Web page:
This comprehensive guide will help you find which plan is right for you.
Difficulty refers to the level of skill and technique called for in a class.
Beginner plans are most approachable for those who have little or no exposure to yoga. These plans typically offer more modifications and detailed instructions on fundamental poses.
These plans are perfect for someone who is looking to start a yoga practice and explore the benefits of yoga. These classes can help you to learn the basics of starting a practice, foundational poses, understanding breathwork, and learning to focus on the moment every time you come to the mat.
Moderate classes may include moderate pose modifications and less instruction than found in Beginner classes.
These plans are perfect for someone who has previous exposure to yoga, whether at home or in a studio setting, and has a basic understanding of foundational poses and class structure. They are the perfect opportunity to grow your practice, maintain consistency, and enjoy classes designed to grow your pose library and increase your strength.
Intermediate plans tend to be more detailed tutorials on how to achieve more challenging asanas and end-goal poses. These classes help build strength and body awareness by exploring transitions, trying inversions, and mastering breath and movement.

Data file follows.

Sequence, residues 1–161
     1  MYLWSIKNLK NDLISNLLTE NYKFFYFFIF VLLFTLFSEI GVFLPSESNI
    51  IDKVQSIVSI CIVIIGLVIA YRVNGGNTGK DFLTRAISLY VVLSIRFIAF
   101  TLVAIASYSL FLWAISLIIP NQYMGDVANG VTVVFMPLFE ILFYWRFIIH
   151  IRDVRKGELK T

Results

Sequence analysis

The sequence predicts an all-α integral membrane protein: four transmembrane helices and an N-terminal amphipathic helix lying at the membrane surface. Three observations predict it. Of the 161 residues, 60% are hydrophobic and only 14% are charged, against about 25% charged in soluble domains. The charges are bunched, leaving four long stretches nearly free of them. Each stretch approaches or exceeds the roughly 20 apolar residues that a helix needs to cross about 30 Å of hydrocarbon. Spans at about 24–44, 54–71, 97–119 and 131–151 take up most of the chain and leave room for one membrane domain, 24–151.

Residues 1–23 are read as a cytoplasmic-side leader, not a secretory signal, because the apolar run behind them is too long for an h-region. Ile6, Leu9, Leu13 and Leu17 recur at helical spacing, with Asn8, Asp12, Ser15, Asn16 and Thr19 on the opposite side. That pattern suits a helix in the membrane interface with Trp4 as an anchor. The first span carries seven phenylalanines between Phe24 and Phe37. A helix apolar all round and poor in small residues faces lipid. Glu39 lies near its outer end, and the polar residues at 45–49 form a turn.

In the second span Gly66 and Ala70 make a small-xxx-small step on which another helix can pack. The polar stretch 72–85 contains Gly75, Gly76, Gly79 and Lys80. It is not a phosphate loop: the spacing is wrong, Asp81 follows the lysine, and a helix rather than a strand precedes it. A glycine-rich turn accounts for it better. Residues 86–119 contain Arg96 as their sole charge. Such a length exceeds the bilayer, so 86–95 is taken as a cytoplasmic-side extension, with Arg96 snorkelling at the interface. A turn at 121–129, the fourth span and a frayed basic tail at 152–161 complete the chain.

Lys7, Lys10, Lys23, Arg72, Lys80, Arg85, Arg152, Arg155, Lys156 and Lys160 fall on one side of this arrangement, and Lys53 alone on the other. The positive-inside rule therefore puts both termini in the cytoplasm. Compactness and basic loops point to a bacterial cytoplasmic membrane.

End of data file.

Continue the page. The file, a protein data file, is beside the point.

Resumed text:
These plans are perfect for someone who has a consistent yoga practice and has established confidence in poses, progressions, and general yoga knowledge. They help students express creativity and find freedom in exploring flows and movement. There is less cueing than in Beginner or Moderate content.
Advanced classes are the perfect opportunity to explore your potential beyond what is found in typical in-studio classes. You’ll find your edge while exploring a greater level of strength, control, and skill work.
These plans are ideal for students who have high body awareness, are comfortable with most poses, and have confidence in their strength and breath work. These classes allow opportunities to practice inversions, floating, or advanced transitions.
Intensity is not the same as difficulty; it refers to the amount of exertion that a workout requires.
Each plan lives at an intersection of Difficulty and Intensity. While one maybe Beginner and Intensity 4, another may be Advanced and Intensity 1. We have something for everyone in every mood.
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